20 August 2023
My beloved younger sister died on 1 February this year, aged 69, after a short, but fierce battle with thyroid cancer.
Our family of sisters fought alongside her and carried her to her final resting place.
She left much unfinished business.
This was the battle of our lives, but certainly not our only battle. Our family, like many other First Nations families have lived many battles. Sometimes life is a constant battle.
I have buried eight family members in the past five years, including my mother, father and younger brother. My mother and darling brother were quiet achievers, working away at both national and grass roots level on numerous cultural projects. They left unfinished business and projects in limbo.
Our family has worked – and continues to work – in community and for community over the past 30 years, with many government, non-government, education, health and private organisations.
Yet there is so much still to do. We continue to work to preserve our quickly diminishing cultural heritage sites. There are many sacred sites unknown, untended and uncared for on privately owned land. Our great grandmother’s grave is ravaged by rabbits and trampled by sheep!
Our sacred places should be everyone’s treasures. We have many cultural riches to share. Working together for preservation of these sites would benefit each and every one of us.
All basic human rights for Indigenous people were extinguished at first settlement. A once proud race, living under a highly regulated system of Lore, reduced to animals in a split second in history.
First Nations people were treated as inhuman, until the referendum in 1967, when we magically changed from flora and fauna into human beings.
The “Yes” vote in 1967 converted us to human – but humans without a voice. Finally, we could be seen but we were still unheard!
Our people are still the most uneducated, the most institutionalised and the most persecuted.
Our young people feel forgotten and despondent. We battle each day with unemployment, racism, incarceration, health and housing issues.
I think sometimes that we confuse the issue, overthink and dissect too much.
This situation is about people not politics. Let’s just break it down to an understandable equation. This is a referendum that should not be happening. First Nations people should have had the recognition when our constitution was first drawn up. It should have been a right! This issue should have been resolved many years ago, it shouldn’t be an issue now!
Australian Indigenous peoples are the oldest living culture in the world. We have inner city communities, fringe dwellers, rural, remote and traditional communities. All have varying degrees of education, understanding of governance, different traditions and values.
I have travelled this country over many years, visiting and working in rural and remote communities. I have heard the cries of some of my brothers and sisters who call for a “No” vote. We all recognise the differing levels of understanding, education, and language barriers in the very diverse communities we each live in. Our communities have different wants and needs. I believe we need to make this a simple question – one of recognition – not of politics.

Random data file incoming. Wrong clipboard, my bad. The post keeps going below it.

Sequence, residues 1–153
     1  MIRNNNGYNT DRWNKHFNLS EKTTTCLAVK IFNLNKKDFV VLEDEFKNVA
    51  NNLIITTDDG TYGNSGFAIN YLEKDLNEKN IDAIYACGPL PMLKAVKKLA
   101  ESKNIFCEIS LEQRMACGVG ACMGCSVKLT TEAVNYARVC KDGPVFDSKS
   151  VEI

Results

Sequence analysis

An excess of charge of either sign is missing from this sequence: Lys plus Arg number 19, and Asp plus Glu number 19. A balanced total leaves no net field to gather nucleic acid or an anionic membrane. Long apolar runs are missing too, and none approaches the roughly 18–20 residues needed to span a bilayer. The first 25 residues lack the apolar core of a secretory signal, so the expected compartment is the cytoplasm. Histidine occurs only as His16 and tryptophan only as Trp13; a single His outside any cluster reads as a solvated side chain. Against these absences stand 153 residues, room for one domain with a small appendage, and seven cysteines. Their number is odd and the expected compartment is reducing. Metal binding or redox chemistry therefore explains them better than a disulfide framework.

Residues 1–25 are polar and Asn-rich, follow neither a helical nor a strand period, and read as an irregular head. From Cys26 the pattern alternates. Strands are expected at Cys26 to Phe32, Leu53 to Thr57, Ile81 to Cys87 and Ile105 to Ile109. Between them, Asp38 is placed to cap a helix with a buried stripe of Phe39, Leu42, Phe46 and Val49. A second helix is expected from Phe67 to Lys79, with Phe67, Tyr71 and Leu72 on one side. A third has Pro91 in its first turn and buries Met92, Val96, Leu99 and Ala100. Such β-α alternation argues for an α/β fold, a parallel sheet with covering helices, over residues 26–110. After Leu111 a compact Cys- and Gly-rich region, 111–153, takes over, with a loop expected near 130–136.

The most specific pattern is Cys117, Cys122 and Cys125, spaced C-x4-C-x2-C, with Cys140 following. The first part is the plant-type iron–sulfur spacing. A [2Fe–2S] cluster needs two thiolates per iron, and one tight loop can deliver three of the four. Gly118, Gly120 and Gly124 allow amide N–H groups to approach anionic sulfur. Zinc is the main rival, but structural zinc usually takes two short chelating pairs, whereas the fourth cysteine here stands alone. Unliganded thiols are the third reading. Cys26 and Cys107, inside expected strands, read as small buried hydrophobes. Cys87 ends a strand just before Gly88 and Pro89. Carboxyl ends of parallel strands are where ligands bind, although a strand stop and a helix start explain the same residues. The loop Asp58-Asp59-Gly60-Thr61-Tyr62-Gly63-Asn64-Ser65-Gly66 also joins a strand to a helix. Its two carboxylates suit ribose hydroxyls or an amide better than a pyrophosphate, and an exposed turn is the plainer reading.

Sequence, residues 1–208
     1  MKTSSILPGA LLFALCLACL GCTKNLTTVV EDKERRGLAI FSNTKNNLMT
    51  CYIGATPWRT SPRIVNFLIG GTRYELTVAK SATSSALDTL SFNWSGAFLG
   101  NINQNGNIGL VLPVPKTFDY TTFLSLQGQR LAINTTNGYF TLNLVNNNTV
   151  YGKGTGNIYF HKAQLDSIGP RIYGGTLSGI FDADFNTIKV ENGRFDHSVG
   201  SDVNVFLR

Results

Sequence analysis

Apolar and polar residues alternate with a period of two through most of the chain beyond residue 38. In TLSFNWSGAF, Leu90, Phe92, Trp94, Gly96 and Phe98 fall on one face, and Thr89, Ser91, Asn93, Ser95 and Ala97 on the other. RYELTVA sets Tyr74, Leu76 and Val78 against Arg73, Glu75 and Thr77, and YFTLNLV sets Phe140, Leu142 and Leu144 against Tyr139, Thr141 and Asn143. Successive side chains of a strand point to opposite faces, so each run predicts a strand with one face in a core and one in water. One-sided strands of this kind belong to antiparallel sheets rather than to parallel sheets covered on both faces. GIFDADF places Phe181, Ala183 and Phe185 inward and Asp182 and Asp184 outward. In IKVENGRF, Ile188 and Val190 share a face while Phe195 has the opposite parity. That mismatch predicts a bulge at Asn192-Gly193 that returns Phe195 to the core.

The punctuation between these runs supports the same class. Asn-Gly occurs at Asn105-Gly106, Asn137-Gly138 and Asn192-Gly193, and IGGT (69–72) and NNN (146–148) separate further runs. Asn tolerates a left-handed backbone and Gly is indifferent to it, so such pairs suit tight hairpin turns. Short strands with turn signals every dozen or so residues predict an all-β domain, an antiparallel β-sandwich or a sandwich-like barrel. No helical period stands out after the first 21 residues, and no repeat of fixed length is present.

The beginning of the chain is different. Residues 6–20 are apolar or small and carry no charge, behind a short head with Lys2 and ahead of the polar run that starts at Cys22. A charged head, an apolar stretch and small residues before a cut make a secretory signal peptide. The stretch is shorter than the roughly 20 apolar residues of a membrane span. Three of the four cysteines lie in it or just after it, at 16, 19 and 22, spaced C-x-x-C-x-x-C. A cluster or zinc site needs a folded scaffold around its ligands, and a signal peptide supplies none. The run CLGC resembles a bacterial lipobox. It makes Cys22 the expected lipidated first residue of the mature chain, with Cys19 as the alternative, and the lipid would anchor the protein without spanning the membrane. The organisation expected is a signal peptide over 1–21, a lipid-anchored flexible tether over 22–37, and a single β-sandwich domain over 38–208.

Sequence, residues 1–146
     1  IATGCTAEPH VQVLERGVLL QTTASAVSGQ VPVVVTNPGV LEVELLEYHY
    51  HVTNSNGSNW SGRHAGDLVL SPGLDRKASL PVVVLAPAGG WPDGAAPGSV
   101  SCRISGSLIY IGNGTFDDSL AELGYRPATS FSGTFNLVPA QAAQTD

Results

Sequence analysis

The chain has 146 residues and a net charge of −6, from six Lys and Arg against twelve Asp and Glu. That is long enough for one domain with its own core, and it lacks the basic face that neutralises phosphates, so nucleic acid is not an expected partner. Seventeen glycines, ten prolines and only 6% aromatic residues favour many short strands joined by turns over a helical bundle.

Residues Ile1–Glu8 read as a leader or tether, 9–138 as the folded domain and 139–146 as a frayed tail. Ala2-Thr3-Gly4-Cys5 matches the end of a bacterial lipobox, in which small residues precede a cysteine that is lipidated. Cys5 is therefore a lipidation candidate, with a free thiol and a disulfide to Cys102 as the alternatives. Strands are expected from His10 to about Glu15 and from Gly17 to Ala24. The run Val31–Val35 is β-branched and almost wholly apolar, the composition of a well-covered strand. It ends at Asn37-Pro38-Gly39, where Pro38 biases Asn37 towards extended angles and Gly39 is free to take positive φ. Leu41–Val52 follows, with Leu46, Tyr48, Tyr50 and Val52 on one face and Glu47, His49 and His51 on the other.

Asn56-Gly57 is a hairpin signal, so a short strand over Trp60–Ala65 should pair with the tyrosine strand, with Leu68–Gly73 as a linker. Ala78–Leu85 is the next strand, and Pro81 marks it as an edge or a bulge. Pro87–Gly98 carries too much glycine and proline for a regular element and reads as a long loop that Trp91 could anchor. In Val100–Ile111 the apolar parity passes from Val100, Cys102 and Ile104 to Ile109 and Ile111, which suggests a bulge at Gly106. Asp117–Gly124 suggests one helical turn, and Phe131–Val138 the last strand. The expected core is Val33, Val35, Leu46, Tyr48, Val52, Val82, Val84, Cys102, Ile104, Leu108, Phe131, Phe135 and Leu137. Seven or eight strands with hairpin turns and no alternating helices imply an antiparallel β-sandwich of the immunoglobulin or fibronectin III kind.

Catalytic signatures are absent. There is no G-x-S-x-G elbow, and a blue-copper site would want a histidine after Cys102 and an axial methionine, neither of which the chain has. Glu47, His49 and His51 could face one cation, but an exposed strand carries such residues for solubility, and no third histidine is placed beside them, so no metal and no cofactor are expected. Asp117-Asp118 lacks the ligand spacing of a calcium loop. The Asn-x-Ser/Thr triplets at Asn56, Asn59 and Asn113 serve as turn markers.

This is a time to step forward into the unknown. We have been pushed to the background for so long that for some of us it’s a comfortable place. The “Yes” position will be an uncomfortable place, an unknown place, but a place where we are recognised as First Peoples.
The “Yes” vote won’t right the wrongs, but we need to move forward together as a nation, proud of our shared history. Maybe our place at the table won’t give us all the things we want, but it will give us the opportunity to discuss the issues in a forum willing to listen and hopefully value what we bring to the table.
The issue is simply about being recognised as the First Peoples in our own country. At 65,000 years, we are certainly old enough to have a seat at the table and have a say in issues and affairs that affect each one of us.
My heart says, “Please let our voices be heard”. Let us put up our hands, be recognised and counted in our own country. This may be an opportunity to work together on unfinished business, work on issues that affect our everyday lives, to share our unique perspective and protect all of our history.
My plea to you is to read the Uluru Statement from the Heart, which calls for Voice, Makarrata (Treaty) and Truth telling.
“We call on all Australians to walk together to build a better future by establishing a First Nations Voice to Parliament enshrined in the Constitution. And the establishment of a Makarrata Commission for the purpose of Treaty making and truth telling.”
The Voice is our first step!
The Reverend Robyn Davis is a Wadi Wadi woman from the Balranald and Swan Hill area. She is an Indigenous artist and life member of NATSIAC.